Our hiking group is made up of hikers from Murfreesboro. We started out with picking all the state parks in Tennessee with overnight trails and are taking them on one at a time. This is our story:
Monday, December 13, 2010
Big Ridge State Park-Cancel
Due to the freezing rain coming in Wednesday we regretfully have to cancel our hike to Big Ridge. Now we get to have a makeup hike.
Posted by THE OUTCASTS at 5:29 PM No comments:
Saturday, December 4, 2010
Sheltowee Trace Part VII
Day one: 6.13 Miles..........................Outcast total: 1007.46 Miles
Day two: 13.17 Miles
Day three: 12.61 Miles
Day four: 9.36 Miles
Day five: 9.19 Miles
Total Miles: 50.46
After work Troy, Marco, and I headed to Kentucky for another section of the Sheltowee Trace. We headed to Natural Bridge State Park where we were supposed to meet up with Luke to drop us off where we got picked up by the rangers last hike.
After a small change up, Stephanie from the Natural Bridge State Park Hemlock Lodge was nice enough to drop us off and even offered us a ride back Friday if we needed one. Since we were losing daylight earlier this time and we would be hiking back to the car, we left our packs in the car and did a day hike of Natural Bridge State Park.
We put Marco in charge of the Thru Hikers Manual of the Sheltowee Trace. The only draw back was every time you asked him where we were, he would start from Natural Bridge and go all the way through the manual. This added alot of entertainment, especially by the end of the trail.
We passed a guy cutting wood on the way. He asked us where we were hiking from and we told him Tennessee. He said that he had wanted to hike the whole trail and was called back to work after he had all of his plans made. He was a little surprised that we hiked this far with no packs.
The Sheltowee passes over White's Branch Arch and next to the Natural Bridge. We then hiked to Balance Rock and down the many many stairs back to the parking lot. It was getting dark now so we packed up and headed to Red River Gorge with headlamps. Once we got past the Whittleton Campground we made camp.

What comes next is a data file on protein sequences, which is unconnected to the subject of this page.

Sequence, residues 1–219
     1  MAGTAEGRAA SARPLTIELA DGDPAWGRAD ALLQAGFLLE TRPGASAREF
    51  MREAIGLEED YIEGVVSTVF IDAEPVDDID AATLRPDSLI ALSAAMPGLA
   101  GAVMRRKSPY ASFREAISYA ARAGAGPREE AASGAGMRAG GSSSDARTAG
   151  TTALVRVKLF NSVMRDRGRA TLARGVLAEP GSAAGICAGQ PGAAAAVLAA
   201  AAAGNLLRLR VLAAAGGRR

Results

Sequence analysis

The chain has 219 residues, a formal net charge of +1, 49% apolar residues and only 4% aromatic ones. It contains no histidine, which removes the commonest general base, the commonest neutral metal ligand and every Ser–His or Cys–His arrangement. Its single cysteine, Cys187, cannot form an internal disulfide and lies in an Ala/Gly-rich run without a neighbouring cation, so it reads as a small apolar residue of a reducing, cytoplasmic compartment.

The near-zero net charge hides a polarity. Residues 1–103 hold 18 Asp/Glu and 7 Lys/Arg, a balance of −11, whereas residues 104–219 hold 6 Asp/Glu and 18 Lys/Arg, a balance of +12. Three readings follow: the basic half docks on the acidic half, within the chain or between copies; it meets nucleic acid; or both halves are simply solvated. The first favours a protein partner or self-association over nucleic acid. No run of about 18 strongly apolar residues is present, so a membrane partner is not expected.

As I was testing my hammock I heard a loud zipping noise. This was indeed my bad day as my hammock ripped completely through about a quarter of the way down the length. As any Outcast would do, I cut the remaining part off and tied a knot, rehung and tested again. Not much room anymore as the length was now the exact length of my body. No stretching out for me over the next four nights and it had a really bad lean to the left which I still can't understand why.
We ate dinner and then got ready to start a fire when the rain set in. We knew it was supposed to rain that night and were hoping it would be done by morning. I let them know that we would hike as long as it wasn't a down pour in the morning.
The next morning we hiked out in the rain. Troy and I had different ideas of "down pour", but as all Outcast do, he went along. It rained all day and into the night. Sorry about no pictures that second day. It was through the beautiful Red River Gorge. This area is rough terrain with beautiful overlooks, rock formations, waterfalls, and of course water crossings. There were six that were at least two feet deep. We ended up the day with a minor misreading of the guide book causing another headlamp hike to the next creek and place to make camp. The rain went into the night replaced by snow in the morning.